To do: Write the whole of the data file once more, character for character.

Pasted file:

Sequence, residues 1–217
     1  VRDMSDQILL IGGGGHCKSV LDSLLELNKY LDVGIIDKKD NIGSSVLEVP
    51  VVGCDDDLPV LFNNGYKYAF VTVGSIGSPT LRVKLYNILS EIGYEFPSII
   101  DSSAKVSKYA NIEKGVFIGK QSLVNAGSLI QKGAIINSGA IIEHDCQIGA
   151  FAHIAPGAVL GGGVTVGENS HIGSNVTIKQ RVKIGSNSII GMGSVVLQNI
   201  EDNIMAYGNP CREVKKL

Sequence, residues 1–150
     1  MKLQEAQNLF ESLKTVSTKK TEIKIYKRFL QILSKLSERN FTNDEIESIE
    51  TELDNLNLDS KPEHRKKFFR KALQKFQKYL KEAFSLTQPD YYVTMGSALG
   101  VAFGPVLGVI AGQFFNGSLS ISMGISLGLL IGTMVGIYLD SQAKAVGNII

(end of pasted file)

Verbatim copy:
Sequence, residues 1–217
     1  VRDMSDQILL IGGGGHCKSV LDSLLELNKY LDVGIIDKKD NIGSSVLEVP
    51  VVGCDDDLPV LFNNGYKYAF VTVGSIGSPT LRVKLYNILS EIGYEFPSII
   101  DSSAKVSKYA NIEKGVFIGK QSLVNAGSLI QKGAIINSGA IIEHDCQIGA
   151  FAHIAPGAVL GGGVTVGENS HIGSNVTIKQ RVKIGSNSII GMGSVVLQNI
   201  EDNIMAYGNP CREVKKL

Sequence, residues 1–150
     1  MKLQEAQNLF ESLKTVSTKK TEIKIYKRFL QILSKLSERN FTNDEIESIE
    51  TELDNLNLDS KPEHRKKFFR KALQKFQKYL KEAFSLTQPD YYVTMGSALG
   101  VAFGPVLGVI AGQFFNGSLS ISMGISLGLL IGTMVGIYLD SQAKAVGNII